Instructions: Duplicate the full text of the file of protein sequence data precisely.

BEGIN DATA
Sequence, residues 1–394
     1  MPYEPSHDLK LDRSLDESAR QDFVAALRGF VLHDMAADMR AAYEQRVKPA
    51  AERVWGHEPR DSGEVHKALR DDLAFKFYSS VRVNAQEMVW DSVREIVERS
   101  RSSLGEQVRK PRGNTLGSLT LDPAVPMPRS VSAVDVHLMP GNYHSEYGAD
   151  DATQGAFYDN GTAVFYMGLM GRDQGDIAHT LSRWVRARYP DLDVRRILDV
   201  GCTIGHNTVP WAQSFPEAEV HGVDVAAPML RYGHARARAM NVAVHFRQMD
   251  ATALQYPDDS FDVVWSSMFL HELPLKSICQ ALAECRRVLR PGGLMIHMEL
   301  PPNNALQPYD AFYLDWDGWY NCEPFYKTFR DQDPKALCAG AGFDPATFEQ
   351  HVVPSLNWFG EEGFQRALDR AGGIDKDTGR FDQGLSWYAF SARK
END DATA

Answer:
Sequence, residues 1–394
     1  MPYEPSHDLK LDRSLDESAR QDFVAALRGF VLHDMAADMR AAYEQRVKPA
    51  AERVWGHEPR DSGEVHKALR DDLAFKFYSS VRVNAQEMVW DSVREIVERS
   101  RSSLGEQVRK PRGNTLGSLT LDPAVPMPRS VSAVDVHLMP GNYHSEYGAD
   151  DATQGAFYDN GTAVFYMGLM GRDQGDIAHT LSRWVRARYP DLDVRRILDV
   201  GCTIGHNTVP WAQSFPEAEV HGVDVAAPML RYGHARARAM NVAVHFRQMD
   251  ATALQYPDDS FDVVWSSMFL HELPLKSICQ ALAECRRVLR PGGLMIHMEL
   301  PPNNALQPYD AFYLDWDGWY NCEPFYKTFR DQDPKALCAG AGFDPATFEQ
   351  HVVPSLNWFG EEGFQRALDR AGGIDKDTGR FDQGLSWYAF SARK